US 6564793 B2
A rotating firebox cooking apparatus is disclosed. The rotating firebox may be constructed with a grilling apparatus, or it may be easily retrofitted to an existing conventional grilling apparatus. The firebox of the present invention is located within a chamber having a grill at or near the top of the chamber, and the firebox rotates the heat source within the chamber and underneath the grill, creating radiant and convection energy.
1. A cooking apparatus comprising:
an outer chamber having a bottom and sides;
a grill surface, said grill surface positioned above said bottom of said outer chamber;
a firebox, said firebox having a bottom portion and a wall portion, and said firebox disposed inside said chamber and below said grill surface;
a shaft having a top portion and a bottom portion, said shaft operatively connected to said firebox at said top portion of said shaft; and
a rotation apparatus operatively connected to said bottom portion of said shaft, said rotation apparatus adapted to rotate said firebox through 360° of rotation about said shaft.
2. The cooking apparatus of
3. The cooking apparatus of
4. The cooking apparatus of
5. The cooking apparatus of
6. The cooking apparatus of
7. The cooking apparatus of
8. The cooking apparatus of
9. The cooking apparatus of
10. The cooking apparatus of
11. A grill comprising:
a grill surface suspended by the chamber;
a firebox disposed below the grill surface and within the chamber; and
wherein the firebox is adapted for continuous rotation within the chamber about an axis generally perpendicular to the grill surface.
12. The grill of
13. The grill of
1. Field of the Invention
The present invention relates to outdoor cooking devices, and more particularly to outdoor cooking grills with a rotating fire element for the even cooking of grilled food using a transversally mounted standard rotisserie motor drive. The present invention allows for uniform cooking of grilled food without constant monitoring.
2. Discussion of the Related Art
Cooking by means of a grill has been and continues to be a popular method of preparing food, especially in summer months when the weather is conducive to outdoor activities. In the typical outdoor grill, the cook places food on a fixed grill surface, and provides a source of heat, which is typically fire. In the standard grill, whether it is charcoal fueled or gas fueled, the source of heat is fixed, that is, no provision is made for the movement of the heat source. This potentially causes uneven cooking of the food to be prepared, unless the cook is vigilant in monitoring the grill and moving the food around the grill frequently to provide uniform cooking of the food. This method of cooking requires both skill and attention and obligates the cook to remain with the food throughout the grilling process.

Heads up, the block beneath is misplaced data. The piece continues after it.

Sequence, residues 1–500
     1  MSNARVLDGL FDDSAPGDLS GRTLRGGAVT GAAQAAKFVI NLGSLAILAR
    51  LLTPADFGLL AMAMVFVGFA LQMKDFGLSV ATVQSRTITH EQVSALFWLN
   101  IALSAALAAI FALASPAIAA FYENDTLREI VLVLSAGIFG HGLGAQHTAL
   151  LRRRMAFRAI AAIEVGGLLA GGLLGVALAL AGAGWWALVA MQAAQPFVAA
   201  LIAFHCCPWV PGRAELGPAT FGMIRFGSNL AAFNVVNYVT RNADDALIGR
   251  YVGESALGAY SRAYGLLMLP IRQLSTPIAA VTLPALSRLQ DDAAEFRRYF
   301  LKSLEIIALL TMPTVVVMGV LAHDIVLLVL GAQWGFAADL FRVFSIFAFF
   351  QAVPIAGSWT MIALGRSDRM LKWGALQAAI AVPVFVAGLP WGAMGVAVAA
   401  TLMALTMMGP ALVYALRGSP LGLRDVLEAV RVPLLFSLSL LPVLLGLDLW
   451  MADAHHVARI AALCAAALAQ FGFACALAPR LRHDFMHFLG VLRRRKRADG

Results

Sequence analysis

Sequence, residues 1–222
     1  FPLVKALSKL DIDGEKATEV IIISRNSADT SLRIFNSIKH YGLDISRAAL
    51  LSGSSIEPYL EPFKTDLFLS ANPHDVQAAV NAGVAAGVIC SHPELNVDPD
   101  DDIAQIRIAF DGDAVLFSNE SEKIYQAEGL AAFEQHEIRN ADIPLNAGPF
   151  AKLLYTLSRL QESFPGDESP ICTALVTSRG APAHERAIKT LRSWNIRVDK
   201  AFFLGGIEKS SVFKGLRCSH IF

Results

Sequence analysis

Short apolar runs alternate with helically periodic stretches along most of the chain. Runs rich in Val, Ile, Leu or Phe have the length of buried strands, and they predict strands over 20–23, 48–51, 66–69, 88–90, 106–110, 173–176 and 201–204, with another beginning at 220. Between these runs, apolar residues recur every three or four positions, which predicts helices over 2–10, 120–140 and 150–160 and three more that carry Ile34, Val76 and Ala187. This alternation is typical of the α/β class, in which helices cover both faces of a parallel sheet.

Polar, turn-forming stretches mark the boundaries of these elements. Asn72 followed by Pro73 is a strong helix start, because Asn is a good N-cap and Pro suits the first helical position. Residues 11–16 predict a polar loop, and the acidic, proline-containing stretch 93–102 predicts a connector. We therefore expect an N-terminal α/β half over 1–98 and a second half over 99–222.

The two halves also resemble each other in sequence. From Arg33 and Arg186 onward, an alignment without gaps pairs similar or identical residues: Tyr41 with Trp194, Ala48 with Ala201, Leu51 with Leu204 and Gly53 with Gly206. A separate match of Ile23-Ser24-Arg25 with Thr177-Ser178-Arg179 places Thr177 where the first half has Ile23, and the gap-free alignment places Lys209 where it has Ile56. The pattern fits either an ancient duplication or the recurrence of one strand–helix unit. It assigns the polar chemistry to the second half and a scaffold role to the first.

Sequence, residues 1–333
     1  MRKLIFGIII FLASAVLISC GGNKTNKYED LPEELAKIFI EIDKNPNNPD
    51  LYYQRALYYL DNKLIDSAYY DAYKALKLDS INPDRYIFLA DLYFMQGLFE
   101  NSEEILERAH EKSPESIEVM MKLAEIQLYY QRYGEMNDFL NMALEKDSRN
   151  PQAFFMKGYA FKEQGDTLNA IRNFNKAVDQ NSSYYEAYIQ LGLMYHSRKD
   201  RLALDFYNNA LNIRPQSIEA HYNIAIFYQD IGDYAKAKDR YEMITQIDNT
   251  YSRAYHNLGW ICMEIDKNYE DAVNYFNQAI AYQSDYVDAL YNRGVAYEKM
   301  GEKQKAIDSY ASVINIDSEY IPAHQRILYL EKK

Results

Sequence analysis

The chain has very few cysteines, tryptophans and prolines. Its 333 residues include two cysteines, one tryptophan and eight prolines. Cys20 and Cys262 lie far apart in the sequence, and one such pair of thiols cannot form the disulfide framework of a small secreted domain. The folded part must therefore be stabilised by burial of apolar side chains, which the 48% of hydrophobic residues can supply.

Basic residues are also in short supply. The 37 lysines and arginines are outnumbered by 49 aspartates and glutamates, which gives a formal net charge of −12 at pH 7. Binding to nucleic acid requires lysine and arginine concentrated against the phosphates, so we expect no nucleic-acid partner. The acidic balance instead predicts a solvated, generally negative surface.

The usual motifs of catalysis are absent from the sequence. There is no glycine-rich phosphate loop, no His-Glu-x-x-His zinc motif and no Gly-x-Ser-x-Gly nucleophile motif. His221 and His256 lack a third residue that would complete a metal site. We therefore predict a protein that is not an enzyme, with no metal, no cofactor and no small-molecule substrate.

These problems are due to several factors. First, the fuel used may be a solid combustible material, such as wood chips or charcoal briquettes, a combustible gas, such as propane, electric, or a combination of the above. While grills employing solid fuel are generally less expensive than gas or electric grills, unique problems arise from their use. For instance, the solid fuel may not combust evenly, so that some areas of the grill receive relatively hot areas sometimes known as hot spots, while other areas are relatively cooler.
A second problem common to all known grills is the phenomenon of “flare up.” This occurs when fats and oils (which are, after all, largely composed of hydrocarbons) liquefy upon heating and are deposited on the heat source, where these fats and oils ignite. Upon ignition of these fats and oils, an area of increased combustion occurs, potentially charring the food disposed above on the grill. In the event of “flare up,” the cook must either partially extinguish the increased flames, or quickly move the food to a new area of the grill that is not currently flaring up. However, since more fats and oils usually drip into the new area, “flare up” will occur again, so that the cook must expend considerable energy in responding to the “flare up” to avoid burned food.